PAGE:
Local colleges are finding solutions to the cap that the state has placed on financial aid.
Indiana Tech announced Wednesday that the university will make up the difference from what it promised its students to what the state is actually providing.
“We've greatly increased our enrollment of students from within the state, and we're committed to helping them attain a college education,” President Arthur E. Snyder said in a news release. “We will dig deeper into our institutional aid funds to help them through this.”
The university had originally estimated a 10 percent drop in state grants to college students but found out Friday that the drop was actually 31 percent. The difference in aid for Indiana Tech students proved to be anywhere from $400 to $6,000.
Claudia Braman, executive director for the State Student Assistance Commission, said even though the commission received additional funding from the state in this budget, it wasn't enough to keep up with the increase in the number of students applying for aid.
“The money that we actually got had to be spread more thin,” she said.
Braman said they received 300,000 requests for aid this year, a 24 percent increase over the previous year. That meant a cap in aid for public schools at $4,206 and for private schools at $7,584. The previous year, that amount had been $6,096 for public schools and $10,992 for private schools.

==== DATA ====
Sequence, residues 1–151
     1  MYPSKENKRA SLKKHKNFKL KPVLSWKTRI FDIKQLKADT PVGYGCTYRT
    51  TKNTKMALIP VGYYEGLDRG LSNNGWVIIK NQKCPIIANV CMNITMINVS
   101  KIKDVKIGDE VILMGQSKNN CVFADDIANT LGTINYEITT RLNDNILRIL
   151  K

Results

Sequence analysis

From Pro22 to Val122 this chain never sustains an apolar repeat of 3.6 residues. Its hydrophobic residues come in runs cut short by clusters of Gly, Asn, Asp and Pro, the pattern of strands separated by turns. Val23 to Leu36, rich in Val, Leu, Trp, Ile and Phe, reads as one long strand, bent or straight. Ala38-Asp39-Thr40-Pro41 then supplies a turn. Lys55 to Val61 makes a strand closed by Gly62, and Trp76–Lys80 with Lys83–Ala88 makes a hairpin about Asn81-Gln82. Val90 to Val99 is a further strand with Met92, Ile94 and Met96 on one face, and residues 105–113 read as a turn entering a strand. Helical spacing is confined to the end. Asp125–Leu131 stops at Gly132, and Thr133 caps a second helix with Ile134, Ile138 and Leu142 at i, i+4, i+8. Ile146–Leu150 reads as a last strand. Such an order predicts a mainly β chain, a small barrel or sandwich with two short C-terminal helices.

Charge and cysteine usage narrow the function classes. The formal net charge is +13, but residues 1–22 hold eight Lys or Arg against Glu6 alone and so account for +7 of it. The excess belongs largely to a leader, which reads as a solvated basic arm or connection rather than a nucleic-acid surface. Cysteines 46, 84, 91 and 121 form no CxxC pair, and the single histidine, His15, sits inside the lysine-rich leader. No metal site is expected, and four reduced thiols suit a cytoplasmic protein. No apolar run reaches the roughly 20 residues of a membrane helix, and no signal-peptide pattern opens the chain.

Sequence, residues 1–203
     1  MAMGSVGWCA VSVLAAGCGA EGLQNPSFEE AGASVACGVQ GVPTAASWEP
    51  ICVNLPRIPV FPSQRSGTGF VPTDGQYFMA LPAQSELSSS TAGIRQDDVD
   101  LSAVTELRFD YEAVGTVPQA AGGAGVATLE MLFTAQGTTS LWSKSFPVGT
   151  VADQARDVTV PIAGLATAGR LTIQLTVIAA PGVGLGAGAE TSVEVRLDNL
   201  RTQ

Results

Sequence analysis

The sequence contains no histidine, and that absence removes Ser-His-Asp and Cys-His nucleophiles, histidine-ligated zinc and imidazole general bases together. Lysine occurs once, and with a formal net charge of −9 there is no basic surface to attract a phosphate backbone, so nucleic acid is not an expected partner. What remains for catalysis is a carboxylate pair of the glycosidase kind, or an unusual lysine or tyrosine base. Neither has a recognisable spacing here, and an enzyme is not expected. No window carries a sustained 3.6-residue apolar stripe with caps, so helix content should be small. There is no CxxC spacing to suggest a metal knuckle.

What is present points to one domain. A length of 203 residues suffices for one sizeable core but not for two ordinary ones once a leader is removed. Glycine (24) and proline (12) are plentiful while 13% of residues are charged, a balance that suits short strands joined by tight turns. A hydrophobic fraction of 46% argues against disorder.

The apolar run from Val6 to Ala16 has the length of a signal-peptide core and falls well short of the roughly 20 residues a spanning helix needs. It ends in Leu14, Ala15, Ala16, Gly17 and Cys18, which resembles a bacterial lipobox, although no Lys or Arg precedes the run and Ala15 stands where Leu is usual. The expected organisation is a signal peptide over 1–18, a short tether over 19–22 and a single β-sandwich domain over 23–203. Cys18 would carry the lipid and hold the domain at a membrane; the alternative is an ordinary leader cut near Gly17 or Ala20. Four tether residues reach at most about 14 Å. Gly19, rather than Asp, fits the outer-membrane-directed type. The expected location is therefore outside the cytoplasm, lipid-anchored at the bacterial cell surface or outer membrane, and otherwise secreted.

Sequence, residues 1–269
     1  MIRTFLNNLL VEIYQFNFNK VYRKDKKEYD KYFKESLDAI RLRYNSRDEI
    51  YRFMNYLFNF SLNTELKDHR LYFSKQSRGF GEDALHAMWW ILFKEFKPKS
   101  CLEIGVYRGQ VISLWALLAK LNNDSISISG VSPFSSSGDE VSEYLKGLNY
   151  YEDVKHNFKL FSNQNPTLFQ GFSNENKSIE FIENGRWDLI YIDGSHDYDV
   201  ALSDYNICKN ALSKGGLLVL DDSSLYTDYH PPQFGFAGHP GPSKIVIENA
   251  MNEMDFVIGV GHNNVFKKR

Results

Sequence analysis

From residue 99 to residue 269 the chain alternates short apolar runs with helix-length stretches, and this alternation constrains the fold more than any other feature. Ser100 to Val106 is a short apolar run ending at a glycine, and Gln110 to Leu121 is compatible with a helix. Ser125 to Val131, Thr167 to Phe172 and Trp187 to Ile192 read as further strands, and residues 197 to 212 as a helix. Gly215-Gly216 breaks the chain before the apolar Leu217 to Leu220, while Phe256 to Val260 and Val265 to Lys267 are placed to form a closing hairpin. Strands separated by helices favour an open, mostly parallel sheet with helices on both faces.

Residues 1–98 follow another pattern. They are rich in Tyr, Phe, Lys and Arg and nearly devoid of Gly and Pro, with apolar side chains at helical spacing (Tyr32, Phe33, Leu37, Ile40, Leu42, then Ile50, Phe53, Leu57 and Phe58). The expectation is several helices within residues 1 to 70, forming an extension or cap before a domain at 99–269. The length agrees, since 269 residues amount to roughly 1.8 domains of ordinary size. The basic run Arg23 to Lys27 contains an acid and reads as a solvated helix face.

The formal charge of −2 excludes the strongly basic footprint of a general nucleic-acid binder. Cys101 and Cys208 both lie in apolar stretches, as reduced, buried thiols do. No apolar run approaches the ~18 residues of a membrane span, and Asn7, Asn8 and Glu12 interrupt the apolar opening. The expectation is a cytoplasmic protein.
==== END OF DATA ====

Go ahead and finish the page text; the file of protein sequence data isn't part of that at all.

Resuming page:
Some other schools in the area did not have to respond to the cap with their own funds. Ivy Tech Community College said their tuition is so low, comparatively, that the caps didn't make a difference, and IPFW said that it planned for the worst.
“We prepared them for the absolute (worst), and now we can give them more,” said Mark Franke, associate chancellor for enrollment management, explaining that IPFW students will see about $900 additional dollars on their financial aid letters. Those new letters should be going out in about a week, he said.
The University of Saint Francis is currently working a plan for aid, but those details are not yet available.
Braman said that the caps only affect state grants, and students are still eligible for federal and institutional aid, as well as loans, scholarships and work release. But this may not be the end for state financial aid caps.
Braman said there is a good possibility that the caps could increase in future years.
“We don't know what the economy will do,” she said.